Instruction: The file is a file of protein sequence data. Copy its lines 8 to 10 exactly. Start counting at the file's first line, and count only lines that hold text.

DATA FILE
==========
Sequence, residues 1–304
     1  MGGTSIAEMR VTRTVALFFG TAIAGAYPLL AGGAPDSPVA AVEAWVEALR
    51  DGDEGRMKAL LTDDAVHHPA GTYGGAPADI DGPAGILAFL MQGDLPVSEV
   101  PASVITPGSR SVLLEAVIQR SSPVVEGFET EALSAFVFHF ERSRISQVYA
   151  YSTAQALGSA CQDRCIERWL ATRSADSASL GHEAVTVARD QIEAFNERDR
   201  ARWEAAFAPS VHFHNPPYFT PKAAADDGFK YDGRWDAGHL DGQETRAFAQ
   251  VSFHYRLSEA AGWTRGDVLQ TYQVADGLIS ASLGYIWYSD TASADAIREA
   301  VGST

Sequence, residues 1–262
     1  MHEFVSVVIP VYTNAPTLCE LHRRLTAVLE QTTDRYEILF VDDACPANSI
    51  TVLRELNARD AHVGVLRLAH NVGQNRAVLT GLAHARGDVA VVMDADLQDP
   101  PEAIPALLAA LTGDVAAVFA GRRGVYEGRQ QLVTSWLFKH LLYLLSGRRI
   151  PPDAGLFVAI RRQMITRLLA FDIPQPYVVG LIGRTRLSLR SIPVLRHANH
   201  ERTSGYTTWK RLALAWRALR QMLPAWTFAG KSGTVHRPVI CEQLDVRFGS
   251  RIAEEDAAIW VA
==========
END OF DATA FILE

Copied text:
   301  VGST

Sequence, residues 1–262
     1  MHEFVSVVIP VYTNAPTLCE LHRRLTAVLE QTTDRYEILF VDDACPANSI